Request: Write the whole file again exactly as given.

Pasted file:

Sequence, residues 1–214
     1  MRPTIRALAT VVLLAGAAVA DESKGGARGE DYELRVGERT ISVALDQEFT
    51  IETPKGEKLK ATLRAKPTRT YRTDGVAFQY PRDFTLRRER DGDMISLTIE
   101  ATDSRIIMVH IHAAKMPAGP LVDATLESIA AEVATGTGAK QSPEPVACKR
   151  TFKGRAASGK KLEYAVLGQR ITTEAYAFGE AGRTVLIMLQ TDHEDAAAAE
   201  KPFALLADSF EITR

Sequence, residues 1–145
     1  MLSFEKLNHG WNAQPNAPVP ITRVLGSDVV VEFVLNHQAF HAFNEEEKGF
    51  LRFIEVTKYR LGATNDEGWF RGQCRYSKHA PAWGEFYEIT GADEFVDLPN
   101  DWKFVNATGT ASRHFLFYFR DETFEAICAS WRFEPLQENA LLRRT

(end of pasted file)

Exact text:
Sequence, residues 1–214
     1  MRPTIRALAT VVLLAGAAVA DESKGGARGE DYELRVGERT ISVALDQEFT
    51  IETPKGEKLK ATLRAKPTRT YRTDGVAFQY PRDFTLRRER DGDMISLTIE
   101  ATDSRIIMVH IHAAKMPAGP LVDATLESIA AEVATGTGAK QSPEPVACKR
   151  TFKGRAASGK KLEYAVLGQR ITTEAYAFGE AGRTVLIMLQ TDHEDAAAAE
   201  KPFALLADSF EITR

Sequence, residues 1–145
     1  MLSFEKLNHG WNAQPNAPVP ITRVLGSDVV VEFVLNHQAF HAFNEEEKGF
    51  LRFIEVTKYR LGATNDEGWF RGQCRYSKHA PAWGEFYEIT GADEFVDLPN
   101  DWKFVNATGT ASRHFLFYFR DETFEAICAS WRFEPLQENA LLRRT